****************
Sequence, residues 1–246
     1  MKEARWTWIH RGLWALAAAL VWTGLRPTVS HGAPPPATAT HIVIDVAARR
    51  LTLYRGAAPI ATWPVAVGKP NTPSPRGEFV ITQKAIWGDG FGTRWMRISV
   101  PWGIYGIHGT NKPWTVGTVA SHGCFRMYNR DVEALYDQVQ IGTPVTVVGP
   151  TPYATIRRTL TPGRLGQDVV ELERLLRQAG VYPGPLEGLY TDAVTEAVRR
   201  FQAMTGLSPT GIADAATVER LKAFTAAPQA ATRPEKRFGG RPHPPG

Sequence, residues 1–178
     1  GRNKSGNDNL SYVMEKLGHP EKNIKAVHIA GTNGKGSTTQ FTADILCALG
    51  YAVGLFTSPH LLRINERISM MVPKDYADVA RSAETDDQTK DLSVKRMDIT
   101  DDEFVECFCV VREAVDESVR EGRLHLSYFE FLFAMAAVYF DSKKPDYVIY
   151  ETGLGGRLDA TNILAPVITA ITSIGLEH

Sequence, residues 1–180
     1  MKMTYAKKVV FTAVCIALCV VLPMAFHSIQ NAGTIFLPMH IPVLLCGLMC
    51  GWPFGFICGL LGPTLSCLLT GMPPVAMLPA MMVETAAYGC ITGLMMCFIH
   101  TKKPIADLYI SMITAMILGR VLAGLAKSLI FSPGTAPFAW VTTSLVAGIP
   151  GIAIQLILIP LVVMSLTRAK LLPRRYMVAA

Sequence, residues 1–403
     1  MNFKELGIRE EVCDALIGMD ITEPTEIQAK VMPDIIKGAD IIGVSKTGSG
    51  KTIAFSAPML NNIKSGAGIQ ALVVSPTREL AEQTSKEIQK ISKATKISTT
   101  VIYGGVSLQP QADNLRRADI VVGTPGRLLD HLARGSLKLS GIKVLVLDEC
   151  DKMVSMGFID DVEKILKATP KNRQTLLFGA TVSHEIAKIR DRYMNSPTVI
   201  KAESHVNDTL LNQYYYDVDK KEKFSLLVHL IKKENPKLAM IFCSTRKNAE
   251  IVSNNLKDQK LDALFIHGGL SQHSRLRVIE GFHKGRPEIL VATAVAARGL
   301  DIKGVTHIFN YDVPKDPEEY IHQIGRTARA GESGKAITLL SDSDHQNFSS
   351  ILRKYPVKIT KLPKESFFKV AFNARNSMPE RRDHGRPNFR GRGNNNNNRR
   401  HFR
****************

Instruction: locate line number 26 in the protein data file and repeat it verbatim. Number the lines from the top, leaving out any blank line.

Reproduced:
   401  HFR